Bieler touched on his love of Pixar, as well as some other Disney properties.
“Pixar, I think, I admire their storytelling and just the way they go about it the most,” he said. “I’m always kind of amazed by how, they’re like one of the few movies now that I think still bring me to tears at points. And the storytelling is really just so striking.”
On that note, I asked Bieler what he would most like to work on under the Disney umbrella. While Pixar was also in the mix, he specifically mentioned two of the biggest properties in cinema.
“Marvel’s done such a great job with really changing the industry and expanding a universe that is really, really exciting,” Bieler said. “And I know that they’ve been taking chances on newer and younger filmmakers, which is great.”
More specifically though, Bieler did mention one Disney project he would love to work on.
“I was so into The Mandalorian season one, if I did one episode of that I’d be stoked,” he said. “And I’m looking forward to October 30 when we get to continue that ride as well.”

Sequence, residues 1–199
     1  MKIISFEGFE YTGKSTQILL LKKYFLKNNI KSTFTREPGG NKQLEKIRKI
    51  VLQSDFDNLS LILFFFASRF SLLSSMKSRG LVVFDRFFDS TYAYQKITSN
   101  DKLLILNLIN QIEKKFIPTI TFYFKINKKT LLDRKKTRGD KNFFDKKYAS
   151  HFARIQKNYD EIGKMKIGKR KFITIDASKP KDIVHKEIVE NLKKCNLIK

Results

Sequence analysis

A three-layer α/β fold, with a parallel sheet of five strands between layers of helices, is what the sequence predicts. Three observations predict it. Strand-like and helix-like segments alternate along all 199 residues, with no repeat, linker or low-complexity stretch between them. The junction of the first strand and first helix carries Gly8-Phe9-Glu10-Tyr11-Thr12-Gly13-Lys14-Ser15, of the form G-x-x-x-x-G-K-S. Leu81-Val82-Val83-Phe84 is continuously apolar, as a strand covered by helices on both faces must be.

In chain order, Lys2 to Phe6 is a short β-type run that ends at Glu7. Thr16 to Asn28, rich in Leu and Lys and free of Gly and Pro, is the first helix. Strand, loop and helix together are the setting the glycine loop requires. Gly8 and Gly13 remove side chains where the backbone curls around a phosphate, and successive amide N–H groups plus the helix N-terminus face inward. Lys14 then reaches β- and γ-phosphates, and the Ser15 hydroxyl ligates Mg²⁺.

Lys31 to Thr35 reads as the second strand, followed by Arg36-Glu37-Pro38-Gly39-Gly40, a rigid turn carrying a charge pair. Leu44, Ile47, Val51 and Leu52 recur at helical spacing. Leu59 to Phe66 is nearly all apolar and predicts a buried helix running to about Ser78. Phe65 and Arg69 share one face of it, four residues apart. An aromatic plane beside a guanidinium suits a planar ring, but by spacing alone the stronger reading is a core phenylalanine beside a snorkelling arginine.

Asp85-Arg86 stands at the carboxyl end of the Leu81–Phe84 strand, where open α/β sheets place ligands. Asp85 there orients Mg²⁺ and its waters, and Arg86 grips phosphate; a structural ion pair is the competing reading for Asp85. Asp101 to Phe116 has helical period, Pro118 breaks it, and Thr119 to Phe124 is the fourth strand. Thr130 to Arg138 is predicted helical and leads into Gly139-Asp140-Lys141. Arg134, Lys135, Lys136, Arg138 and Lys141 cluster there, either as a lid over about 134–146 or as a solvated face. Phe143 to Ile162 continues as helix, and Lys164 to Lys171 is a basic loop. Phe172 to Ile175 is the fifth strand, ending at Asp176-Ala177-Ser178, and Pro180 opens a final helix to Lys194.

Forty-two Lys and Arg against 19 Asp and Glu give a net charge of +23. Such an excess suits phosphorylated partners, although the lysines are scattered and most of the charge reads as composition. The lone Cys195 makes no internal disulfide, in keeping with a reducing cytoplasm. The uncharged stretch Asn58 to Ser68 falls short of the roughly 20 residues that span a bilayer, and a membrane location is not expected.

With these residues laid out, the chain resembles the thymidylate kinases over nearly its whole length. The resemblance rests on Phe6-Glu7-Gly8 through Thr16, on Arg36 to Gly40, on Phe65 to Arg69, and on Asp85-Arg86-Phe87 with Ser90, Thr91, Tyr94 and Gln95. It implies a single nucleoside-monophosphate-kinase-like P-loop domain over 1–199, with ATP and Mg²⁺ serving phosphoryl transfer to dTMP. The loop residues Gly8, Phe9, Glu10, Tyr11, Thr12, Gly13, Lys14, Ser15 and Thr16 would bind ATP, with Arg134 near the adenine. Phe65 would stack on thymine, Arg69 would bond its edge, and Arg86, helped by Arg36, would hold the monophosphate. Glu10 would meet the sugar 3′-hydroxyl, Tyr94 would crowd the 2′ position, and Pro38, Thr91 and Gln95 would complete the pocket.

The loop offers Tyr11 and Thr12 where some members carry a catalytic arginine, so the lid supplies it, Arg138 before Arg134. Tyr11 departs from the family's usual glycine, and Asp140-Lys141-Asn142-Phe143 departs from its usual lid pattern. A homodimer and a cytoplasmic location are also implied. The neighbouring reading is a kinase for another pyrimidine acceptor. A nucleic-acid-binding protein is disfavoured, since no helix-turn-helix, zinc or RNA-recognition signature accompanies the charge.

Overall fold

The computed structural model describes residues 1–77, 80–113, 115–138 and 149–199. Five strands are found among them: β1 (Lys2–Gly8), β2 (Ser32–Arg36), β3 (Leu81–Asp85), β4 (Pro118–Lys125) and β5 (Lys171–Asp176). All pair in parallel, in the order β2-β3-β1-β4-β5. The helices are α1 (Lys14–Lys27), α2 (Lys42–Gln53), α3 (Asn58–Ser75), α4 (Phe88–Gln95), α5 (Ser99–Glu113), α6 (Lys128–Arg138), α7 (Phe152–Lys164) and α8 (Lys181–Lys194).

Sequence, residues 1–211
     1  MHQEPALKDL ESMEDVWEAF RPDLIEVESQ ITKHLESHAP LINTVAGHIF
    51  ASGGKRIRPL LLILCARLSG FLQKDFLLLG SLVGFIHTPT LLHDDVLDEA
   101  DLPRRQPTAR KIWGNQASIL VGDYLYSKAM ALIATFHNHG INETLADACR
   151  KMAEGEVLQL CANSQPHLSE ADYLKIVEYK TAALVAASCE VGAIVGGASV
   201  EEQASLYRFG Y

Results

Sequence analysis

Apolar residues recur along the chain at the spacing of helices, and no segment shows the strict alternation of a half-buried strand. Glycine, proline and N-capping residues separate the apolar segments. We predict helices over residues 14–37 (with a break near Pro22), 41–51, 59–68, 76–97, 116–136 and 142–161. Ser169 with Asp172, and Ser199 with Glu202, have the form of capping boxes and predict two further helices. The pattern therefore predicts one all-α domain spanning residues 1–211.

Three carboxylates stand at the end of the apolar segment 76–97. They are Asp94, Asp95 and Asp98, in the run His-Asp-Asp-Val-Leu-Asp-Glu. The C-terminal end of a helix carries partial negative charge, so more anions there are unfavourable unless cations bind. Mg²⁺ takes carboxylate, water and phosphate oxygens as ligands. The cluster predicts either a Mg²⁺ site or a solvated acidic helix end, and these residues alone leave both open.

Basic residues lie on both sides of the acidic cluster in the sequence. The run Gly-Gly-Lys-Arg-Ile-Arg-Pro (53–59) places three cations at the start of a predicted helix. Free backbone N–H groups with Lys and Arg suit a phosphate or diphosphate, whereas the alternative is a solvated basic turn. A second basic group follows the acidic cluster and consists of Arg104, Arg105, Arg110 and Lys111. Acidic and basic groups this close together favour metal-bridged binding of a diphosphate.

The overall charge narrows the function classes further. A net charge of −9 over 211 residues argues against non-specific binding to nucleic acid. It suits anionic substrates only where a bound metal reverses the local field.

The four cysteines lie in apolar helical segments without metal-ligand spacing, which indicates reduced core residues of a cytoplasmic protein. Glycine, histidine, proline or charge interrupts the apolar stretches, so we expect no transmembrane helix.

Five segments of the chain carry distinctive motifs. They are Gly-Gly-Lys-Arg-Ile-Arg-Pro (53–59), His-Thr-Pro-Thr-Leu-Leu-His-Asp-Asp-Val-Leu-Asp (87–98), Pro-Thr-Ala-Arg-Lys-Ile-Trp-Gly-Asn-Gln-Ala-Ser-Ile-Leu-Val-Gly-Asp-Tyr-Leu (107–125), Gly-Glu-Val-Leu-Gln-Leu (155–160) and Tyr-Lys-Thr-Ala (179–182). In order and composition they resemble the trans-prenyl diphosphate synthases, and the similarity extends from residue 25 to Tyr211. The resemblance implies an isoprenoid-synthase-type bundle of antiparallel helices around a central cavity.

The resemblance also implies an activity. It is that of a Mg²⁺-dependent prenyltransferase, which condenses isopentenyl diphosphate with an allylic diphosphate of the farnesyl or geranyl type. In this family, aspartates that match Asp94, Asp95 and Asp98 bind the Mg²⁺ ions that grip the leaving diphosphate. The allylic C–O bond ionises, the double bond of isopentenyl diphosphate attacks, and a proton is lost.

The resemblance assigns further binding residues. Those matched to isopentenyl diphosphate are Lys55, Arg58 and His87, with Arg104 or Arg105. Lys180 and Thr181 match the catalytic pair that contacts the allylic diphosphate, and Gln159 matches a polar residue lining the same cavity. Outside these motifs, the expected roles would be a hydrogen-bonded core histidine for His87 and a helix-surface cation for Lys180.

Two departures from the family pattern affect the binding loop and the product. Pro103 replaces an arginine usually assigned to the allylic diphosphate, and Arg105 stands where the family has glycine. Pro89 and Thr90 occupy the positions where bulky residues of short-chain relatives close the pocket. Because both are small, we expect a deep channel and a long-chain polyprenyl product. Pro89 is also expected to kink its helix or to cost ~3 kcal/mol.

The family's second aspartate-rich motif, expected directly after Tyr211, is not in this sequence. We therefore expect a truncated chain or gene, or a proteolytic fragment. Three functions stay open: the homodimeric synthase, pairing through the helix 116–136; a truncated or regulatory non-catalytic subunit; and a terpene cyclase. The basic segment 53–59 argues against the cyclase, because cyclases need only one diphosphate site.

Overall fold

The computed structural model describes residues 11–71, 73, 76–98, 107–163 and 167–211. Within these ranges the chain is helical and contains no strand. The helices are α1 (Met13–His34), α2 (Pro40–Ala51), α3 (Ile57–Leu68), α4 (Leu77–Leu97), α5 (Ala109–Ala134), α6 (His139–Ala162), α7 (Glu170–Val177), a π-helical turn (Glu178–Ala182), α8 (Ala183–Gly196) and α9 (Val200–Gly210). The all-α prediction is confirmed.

As far was what’s on the table for Bieler next, he might not be finished with Visible just yet.
“We’re still in talks and trying to figure out the longer story of Visible,” he said. “But yeah Visible has been exciting because I’ve kind of looked at it through the lens of something more kind of inspired by Pixar and Disney’s more adventure films, you know like Pirates and even some of the Star Wars and Marvel stuff, like thinking of that through the lens of kids, in like a Goonies-inspired kind of way. [I] got excited about what that could be as well.”
Bieler admitted that he planned and hoped to do more with Visible from the beginning, expanding the short film into something much more substantial.
“I always wanted the short to be sort of the proof of concept and at least lend itself to a longer story of who Naomi is, why she’s in this kind of basketball cage and what her relationship is with these other kids,” Bieler said. “There’s some exciting ideas kind of percolating and we’ll see. Fingers crossed.”
Whether or not Visible eventually becomes something bigger, it is certainly a great addition to his Halloween season.
You can watch Visible and the rest of “Bite Size Halloween” on Hulu now.
Mike is a writer that has covered comic cons, theme park events, video game showcases and other fun events. He is a fan of theme parks, sports, movies, Marvel Comics and is a self-proclaimed “nerd.”